The Real Difference Between A McFlurry And A Blizzard

The greatest trick the devil ever pulled was convincing us that ice cream was a drink. It goes by many names, but the milkshake has been in our lives since at least 1885, when the word first appeared in print, according to Hamilton Beach. In those glorious days, a milkshake referred to an eggnog-like whiskey drink (a prelude to the "hard shakes" [per Food & Wine] of today's culinary scene, perhaps?) but the word eventually came to encompass any blend of ice cream, milk, and some sort of sweet flavoring. When Hamilton Beach came in with the invention of the drink mixer in 1911, it wasn't long before milk was being shaken at incredible rates across America.

Fast food restaurants were late adopters of the ice-cream-as-a-drink mentality, but when they finally embraced it, the story goes that choirs of angels could be heard singing "cha-ching" from on high. Dairy Queen was the first to add a milkshake to their menu in 1949, and McDonald's followed suit with "triple thick milkshakes" shortly thereafter. Those early shakes would (soft-) serve as inspiration for what would eventually become the Blizzard and McFlurry, respectively, that we know so well today. Not milkshakes, per se, says Bon Appétit, but "frozen treats" (as they are made with soft serve as opposed to ice cream) that may look similar, but whose histories have very different mix-ins.

In this corner: the McDonald's McFlurry

According to McDonald's Fandom, the McFlurry was invented by Ron McLellan in 1995. A Canadian franchisee, McLellan is credited with what has to be one of Canada's greatest contribution to humanity, outside of Martin Short and the Barenaked Ladies. McDonald's Canada tells us that the very first McFlurry was served in Bathurst, New Brunswick in 1995, and what a glorious day that must have been. Aside from some negative press in Europe a few years ago surrounding hedgehog entrapment, McFlurries have been enjoying a blissful, flurried existence ever since.

McFlurry math is simple: take a cup of soft serve vanilla ice cream, add the topping of your choice, and mix it all together. The icy, white base whips around the machine with chunks of your desired sweets flying through the mixture like, well, a snow flurry. The original McFlurry offered five mix-ins: Oreo, Butterfinger, Heath, Nestle's Crunch, and M&M (via McDonald's Fandom). These days, the options are almost impossible to nail down, as new flavors and promotions are constantly shifting at your local golden arches. CTV News cites the stroopwafel flavor in the Netherlands and the Himalayan Tea flavor in Singapore among the cooler iterations of the 'Flurry.

In this corner: the Dairy Queen Blizzard

The Blizzard has been Dairy Queen's hit song since 1985. In fact, the chart-topper sold 175 million copies that first year, according to Eat This, Not That!. The principle is the same as the McDonald's frozen creation: take soft serve ice cream, add a topping, and blend hard. Whip it into a candied frenzy, with white, icy tufts of soft serve flying briefly through the air. The original Blizzard was a combination of crushed cookies, candy, and not-quite-ice-cream, and created such a flurry of excitement that The New York Times ran a story on its success in 1986.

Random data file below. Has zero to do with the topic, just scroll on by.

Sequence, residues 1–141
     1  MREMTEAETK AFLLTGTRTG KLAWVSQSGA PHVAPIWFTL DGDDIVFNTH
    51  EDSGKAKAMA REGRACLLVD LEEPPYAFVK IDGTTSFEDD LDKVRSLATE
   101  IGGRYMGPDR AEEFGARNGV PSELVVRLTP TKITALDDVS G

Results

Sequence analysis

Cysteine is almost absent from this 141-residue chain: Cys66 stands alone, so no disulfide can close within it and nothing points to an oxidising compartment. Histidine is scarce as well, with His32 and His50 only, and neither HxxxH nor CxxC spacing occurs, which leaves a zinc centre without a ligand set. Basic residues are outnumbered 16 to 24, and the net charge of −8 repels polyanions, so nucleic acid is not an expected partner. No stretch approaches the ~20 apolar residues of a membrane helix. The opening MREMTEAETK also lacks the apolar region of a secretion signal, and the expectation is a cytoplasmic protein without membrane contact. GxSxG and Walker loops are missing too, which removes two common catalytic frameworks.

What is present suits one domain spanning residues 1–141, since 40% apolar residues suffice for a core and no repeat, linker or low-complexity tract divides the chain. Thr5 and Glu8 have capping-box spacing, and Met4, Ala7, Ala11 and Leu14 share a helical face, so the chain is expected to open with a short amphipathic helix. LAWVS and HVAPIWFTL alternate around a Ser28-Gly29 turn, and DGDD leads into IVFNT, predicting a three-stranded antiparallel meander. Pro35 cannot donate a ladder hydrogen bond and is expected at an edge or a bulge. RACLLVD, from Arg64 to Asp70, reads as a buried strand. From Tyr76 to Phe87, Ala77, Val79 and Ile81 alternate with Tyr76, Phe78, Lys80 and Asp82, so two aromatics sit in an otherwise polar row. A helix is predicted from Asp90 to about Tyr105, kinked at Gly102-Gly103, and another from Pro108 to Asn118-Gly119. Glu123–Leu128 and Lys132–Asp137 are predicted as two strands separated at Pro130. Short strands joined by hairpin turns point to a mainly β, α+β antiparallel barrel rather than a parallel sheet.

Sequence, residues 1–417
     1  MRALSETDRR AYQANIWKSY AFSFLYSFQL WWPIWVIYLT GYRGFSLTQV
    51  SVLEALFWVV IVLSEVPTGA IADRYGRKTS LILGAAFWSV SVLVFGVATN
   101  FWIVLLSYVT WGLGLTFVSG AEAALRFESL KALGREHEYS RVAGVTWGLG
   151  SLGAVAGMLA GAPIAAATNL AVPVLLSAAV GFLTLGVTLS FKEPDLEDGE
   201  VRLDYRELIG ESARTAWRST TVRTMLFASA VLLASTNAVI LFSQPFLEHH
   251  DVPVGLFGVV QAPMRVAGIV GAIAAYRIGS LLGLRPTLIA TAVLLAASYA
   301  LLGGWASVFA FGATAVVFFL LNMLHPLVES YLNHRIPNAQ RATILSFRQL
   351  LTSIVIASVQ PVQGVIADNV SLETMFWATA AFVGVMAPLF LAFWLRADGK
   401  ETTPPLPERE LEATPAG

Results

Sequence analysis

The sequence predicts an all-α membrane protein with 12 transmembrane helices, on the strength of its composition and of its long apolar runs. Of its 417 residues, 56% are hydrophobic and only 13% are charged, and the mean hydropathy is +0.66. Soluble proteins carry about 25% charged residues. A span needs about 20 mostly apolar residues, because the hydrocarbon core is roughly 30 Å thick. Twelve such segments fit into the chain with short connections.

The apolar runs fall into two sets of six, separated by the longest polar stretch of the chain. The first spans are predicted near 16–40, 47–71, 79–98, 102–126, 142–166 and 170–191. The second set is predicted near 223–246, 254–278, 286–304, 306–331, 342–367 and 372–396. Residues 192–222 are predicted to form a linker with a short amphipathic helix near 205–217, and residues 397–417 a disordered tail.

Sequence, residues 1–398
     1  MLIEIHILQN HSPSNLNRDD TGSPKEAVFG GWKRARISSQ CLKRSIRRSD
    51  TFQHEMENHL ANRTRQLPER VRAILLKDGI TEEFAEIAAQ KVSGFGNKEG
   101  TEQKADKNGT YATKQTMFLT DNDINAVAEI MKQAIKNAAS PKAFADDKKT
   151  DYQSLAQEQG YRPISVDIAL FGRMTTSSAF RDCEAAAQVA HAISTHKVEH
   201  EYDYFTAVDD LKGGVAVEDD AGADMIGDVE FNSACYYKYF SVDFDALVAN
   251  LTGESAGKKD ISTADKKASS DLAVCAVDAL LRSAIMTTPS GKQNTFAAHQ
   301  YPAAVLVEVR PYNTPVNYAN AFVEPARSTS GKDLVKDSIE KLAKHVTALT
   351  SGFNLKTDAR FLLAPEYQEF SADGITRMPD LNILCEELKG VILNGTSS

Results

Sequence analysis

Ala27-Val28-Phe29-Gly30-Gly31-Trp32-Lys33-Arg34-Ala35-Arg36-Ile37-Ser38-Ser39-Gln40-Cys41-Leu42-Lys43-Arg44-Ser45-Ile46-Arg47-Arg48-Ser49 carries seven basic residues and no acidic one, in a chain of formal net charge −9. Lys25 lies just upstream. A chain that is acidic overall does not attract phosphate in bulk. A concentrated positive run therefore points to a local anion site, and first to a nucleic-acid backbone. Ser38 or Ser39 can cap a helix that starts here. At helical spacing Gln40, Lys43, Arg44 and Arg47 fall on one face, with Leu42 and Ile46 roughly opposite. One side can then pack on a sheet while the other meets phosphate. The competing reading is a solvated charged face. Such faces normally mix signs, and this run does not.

Like its Micky D's counterpart, the Blizzard was invented by a plucky franchisee, this one made in the USA. Samuel J. Temperato owned 67 Dairy Queens in the St. Louis area before getting an epiphany about throwing more stuff into his milkshakes, an idea which Temperato, in turn, credited to the popular frozen custard shops in the area. At the time of publication, The New York Times mentioned that companies like M&M/Mars refused to compromise the integrity of their bars (or, lower the bar, if you will) by crushing up perfectly good candy before sending it to DQs across the country. Hence, in the old days, the good people of Dairy Queen had to break down the candy mix-ins by hand before throwing them into the Blizzards of yore. My, how truly far we've come.

So, who is the winner?

If there is a dairy queen and a burger king, one would posit that they might all just live happily ever after beneath the golden arches, no? But this is 2021, and fairy tale happy endings are decidedly basic. Instead, we have the McFlurry, McDonald's Canadian brainchild, pitted against the Blizzard, Dairy Queen's cash cow. And as everyone knows, when a brainchild and a cash cow enter a ring, only one can emerge victorious.

Business Insider gives it to Blizzard, in a test comparing the Oreo versions of the Dairy Queen, McDonald's, and Burger King frozen treats. The article claims that both the Blizzard and the McFlurry have great taste, the right amount of creaminess, and appropriately sized cookie chunks, but the Blizzard finishes first by being mixed more thoroughly. Plus, the add-in options at a Dairy Queen are far more extensive than your typical McDonald's; and while the Blizzard costs a couple bucks more, you are pretty much guaranteed a milkshake, whereas McDonald's McFlurry mixers are often down, the article reports. (Burger King's Oreo sundae didn't even come close.)

A similar test from Yahoo Life rates Blizzard just above McFlurry as well, citing better ice cream, bigger Oreo chunks, and a more even distribution in the Dairy Queen dessert. But really, at the end of the day, if you're snowed in due to some sort of icy, cold weather event and either McDonald's or Dairy Queen will deliver you a frozen treat, wouldn't you be happy with either one?